Mirror Labyrinth is a sculpture thought up by Jeppe Hein, an artist well-practised in the ways of creating disorientating experiences. The sculpture is made up of a series of tall thin, standing mirrors and is carefully positioned near other strong vertical structures – the trees in Victory Park and the housing blocks of East Village. As you weave your way between them, the divide between reality and illusion blurs.

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Hackney Wick and Fish Island are a graffiti artist’s playground. Fuelled by one of the largest communities of artists in Europe, the old warehouse buildings have become an ever-changing canvas. See if you can spot works by Sweet Toof (clue there might be teeth involved…)

RUN boldly proclaims its simple message in such a big way, it is hard to miss. At night it lights up in ever-changing colours, helping to orientate you within the Park. Created by Monica Bonvicini, it required state of the art construction techniques. To see a time lapse of the process visit:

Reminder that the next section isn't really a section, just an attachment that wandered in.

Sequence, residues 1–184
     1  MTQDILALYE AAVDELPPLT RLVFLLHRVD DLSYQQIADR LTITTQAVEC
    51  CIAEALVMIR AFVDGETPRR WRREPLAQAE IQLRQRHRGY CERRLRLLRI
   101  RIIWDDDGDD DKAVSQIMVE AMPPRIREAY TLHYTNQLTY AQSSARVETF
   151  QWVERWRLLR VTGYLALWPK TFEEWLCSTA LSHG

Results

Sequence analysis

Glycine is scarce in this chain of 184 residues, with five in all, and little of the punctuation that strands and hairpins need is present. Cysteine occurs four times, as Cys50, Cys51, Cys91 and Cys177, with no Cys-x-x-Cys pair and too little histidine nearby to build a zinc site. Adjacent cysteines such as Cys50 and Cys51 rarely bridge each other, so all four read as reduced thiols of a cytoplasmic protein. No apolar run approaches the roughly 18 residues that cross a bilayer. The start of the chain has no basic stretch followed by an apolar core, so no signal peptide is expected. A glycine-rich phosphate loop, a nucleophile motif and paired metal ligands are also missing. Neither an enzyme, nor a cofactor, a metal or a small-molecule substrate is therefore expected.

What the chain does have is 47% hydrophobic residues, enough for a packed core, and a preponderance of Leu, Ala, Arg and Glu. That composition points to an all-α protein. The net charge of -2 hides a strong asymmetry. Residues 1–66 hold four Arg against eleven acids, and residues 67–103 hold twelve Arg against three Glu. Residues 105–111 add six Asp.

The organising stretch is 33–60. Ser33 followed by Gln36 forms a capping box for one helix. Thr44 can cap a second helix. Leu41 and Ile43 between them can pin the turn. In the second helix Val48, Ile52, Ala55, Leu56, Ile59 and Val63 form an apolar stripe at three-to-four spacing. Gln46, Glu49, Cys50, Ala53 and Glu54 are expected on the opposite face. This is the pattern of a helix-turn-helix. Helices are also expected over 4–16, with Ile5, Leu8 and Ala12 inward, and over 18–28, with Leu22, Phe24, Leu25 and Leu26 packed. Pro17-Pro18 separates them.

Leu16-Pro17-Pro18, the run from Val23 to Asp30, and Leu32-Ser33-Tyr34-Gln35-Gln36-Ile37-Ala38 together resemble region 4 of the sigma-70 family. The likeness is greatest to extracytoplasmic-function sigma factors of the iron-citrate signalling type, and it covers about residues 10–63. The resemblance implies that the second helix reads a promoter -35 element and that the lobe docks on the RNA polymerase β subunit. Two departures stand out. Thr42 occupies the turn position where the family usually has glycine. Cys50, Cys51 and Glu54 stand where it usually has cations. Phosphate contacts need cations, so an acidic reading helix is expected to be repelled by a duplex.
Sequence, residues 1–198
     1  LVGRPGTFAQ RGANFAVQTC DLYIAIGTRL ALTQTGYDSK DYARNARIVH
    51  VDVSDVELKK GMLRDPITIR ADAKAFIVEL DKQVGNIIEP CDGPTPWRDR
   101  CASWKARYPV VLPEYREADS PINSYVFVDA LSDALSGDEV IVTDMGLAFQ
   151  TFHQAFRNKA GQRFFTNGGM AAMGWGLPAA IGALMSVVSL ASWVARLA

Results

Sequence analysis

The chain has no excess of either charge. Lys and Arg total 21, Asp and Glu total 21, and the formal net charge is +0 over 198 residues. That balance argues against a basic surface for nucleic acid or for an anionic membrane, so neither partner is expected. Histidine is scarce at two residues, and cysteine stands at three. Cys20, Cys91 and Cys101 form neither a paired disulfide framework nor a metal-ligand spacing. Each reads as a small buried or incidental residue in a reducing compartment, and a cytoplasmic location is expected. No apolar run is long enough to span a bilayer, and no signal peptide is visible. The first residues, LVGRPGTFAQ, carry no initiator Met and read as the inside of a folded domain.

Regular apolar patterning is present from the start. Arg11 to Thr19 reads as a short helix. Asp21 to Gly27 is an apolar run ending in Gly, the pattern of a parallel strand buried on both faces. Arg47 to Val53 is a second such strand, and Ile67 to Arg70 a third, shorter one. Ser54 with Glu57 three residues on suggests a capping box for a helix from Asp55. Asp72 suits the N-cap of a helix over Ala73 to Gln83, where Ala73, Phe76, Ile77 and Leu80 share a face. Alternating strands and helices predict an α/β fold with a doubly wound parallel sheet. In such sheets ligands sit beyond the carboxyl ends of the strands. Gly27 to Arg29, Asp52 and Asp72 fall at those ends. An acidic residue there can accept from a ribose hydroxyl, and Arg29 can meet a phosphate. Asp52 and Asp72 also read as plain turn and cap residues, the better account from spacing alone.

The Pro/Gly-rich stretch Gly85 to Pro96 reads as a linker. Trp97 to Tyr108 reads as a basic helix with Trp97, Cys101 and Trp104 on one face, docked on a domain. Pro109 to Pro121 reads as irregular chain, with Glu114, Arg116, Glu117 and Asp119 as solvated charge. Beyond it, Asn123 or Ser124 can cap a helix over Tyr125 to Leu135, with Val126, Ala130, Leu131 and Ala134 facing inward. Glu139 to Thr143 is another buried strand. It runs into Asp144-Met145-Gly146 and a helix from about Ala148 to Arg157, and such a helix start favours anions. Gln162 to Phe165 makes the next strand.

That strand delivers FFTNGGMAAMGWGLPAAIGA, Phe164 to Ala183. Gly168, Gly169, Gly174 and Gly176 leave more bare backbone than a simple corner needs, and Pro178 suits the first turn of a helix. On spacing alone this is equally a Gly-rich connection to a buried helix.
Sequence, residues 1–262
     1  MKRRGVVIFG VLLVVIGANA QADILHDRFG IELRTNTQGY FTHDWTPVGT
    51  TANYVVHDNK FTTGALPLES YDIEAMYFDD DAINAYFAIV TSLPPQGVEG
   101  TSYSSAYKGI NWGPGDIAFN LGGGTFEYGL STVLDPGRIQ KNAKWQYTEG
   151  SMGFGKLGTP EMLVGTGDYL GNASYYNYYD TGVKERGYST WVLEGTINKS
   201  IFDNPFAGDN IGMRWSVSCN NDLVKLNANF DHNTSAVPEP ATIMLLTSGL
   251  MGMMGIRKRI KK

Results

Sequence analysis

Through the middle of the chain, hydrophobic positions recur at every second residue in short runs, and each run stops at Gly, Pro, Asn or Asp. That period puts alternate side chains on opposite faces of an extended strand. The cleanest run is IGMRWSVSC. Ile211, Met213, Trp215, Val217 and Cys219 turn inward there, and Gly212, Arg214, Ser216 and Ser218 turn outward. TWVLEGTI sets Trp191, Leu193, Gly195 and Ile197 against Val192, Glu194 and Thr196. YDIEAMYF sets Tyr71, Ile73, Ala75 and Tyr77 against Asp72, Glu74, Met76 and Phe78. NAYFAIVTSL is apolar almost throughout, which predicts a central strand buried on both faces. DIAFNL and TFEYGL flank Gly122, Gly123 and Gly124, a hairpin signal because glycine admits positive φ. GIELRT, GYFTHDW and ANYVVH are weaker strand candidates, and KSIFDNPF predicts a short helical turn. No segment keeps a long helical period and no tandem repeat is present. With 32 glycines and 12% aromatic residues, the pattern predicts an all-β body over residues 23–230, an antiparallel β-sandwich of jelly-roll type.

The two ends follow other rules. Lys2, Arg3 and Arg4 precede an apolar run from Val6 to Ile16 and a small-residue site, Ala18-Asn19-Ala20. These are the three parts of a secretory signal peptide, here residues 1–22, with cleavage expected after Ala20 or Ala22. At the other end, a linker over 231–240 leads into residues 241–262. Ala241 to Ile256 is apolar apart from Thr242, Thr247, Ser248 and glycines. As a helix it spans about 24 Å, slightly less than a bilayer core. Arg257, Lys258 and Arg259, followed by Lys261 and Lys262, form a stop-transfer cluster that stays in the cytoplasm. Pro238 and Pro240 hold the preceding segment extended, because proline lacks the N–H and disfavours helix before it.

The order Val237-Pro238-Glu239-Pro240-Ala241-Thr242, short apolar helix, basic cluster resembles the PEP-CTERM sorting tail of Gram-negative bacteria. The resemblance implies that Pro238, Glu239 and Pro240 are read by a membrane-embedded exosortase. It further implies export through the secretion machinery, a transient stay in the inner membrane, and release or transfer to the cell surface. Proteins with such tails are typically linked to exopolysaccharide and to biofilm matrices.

bit.ly/OURE20-QEOP-01

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Carpenter’s Lock existed on the canal long before Queen Elizabeth Olympic Park was conceived. It was built in the 1930s to prevent flooding of the Lee Valley. Abandoned for many years, it once again forms a key part of the six kilometre network of waterways known as the Bow Back Rivers.

If you visit this crossroads between the north and south of the Park, make sure to LOOK UP.

Spegelei Junior is a ‘camera obscura’ - not simply a sculpture to look at, but something you can interact with to get a different view of the Park. Using a mirror and lens, the Spiegelei reflects and distorts the world, creating an optical illusion.

You can find other artwork by Jem Finer around East London, including Longplayer at Trinity Buoy Wharf – a 1000 year-long musical composition.

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